Earlier, it was reported that Marek Olszewski, president of the national tourist organization in Poland, had removed the site of the former concentration camp from a list of places the group recommends that foreign journalists visit.
"As the head of the Polish Tourist Organization, who loves his country, I want to show its best side, through our monuments, culture, hospitality, wonderful music," Olszewski told the Polish newspaper Gazeta Wyborcza, as quoted by the Jerusalem Post.
"Auschwitz is not a tourist product but a place of martyrology, reverie and reflection, and we are promoting Poland as an attractive tourist destination… I do not need to expose places and events connected with the history of other nations," he added.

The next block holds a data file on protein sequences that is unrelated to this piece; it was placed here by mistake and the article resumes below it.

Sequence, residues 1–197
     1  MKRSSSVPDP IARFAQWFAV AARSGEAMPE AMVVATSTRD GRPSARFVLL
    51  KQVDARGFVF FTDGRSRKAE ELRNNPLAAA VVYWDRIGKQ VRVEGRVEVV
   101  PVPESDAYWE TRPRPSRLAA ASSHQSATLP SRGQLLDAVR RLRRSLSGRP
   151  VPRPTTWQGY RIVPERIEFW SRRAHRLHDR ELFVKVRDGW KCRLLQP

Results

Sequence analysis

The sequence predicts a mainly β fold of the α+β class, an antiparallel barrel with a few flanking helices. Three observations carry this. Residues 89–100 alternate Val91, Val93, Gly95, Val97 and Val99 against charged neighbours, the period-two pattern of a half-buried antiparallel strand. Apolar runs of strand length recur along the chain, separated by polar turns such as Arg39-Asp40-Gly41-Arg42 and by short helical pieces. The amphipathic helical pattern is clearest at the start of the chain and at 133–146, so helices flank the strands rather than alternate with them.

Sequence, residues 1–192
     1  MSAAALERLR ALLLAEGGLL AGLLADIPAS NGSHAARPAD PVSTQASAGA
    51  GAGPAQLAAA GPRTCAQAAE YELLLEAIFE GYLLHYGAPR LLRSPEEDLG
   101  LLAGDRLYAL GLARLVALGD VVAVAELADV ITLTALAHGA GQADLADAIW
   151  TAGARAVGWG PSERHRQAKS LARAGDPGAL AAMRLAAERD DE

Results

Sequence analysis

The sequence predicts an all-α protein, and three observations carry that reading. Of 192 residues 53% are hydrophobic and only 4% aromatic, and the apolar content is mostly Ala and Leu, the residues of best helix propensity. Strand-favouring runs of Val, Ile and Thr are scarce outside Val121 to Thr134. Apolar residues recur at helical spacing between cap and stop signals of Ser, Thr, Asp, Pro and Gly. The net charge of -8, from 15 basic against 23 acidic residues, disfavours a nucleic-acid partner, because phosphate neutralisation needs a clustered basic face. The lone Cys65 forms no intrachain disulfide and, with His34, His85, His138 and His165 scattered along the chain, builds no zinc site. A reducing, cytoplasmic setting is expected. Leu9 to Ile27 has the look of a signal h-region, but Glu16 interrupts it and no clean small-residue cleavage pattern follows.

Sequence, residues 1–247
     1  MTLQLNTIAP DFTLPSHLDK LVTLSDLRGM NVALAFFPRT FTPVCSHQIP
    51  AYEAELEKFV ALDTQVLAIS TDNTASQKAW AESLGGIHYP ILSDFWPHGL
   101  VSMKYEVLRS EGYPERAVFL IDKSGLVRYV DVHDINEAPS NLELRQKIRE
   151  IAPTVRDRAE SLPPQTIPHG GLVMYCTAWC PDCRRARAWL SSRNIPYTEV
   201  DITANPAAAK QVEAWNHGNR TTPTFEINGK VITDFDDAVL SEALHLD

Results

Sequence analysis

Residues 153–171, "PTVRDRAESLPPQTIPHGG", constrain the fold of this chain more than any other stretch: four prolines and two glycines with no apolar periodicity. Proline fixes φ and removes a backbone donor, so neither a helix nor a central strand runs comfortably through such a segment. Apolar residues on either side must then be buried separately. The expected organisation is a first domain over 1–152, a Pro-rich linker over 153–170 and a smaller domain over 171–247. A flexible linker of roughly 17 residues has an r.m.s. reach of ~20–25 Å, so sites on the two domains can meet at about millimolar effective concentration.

According to him, a similar move should be made in relation to the Museum of the History of Polish Jews in Warsaw.
We visit the Memorial to commemorate the victims. But Auschwitz is also a powerful universal warning of the power of human hatred. https://t.co/VXuAhjIk3T— Auschwitz Memorial (@AuschwitzMuseum) 31 августа 2017 г.
Polish Tourism Minister Witold Banka slammed Olszewski's remarks as "scandalous", saying that Olszewski will be immediately fired.
Last Monday, thousands of people took part in the 29th annual March of the Living in the Polish town of Oswiecim, where the Auschwitz concentration camp was located during World War II.
The march marked the 75th anniversary of the beginning of the deportation of Jews to Auschwitz-Birkenau.
Auschwitz-Birkenau was the largest extermination camp during the Second World War and has become one of the main symbols of the Holocaust.
According to some estimates, 1.4 million people, 1.1 million of whom were Jewish, were killed in the camp between 1941 and 1945. The camp was freed on January 27, 1945 by the USSR's Red Army. In 1947, the site of the camp was transformed into a museum.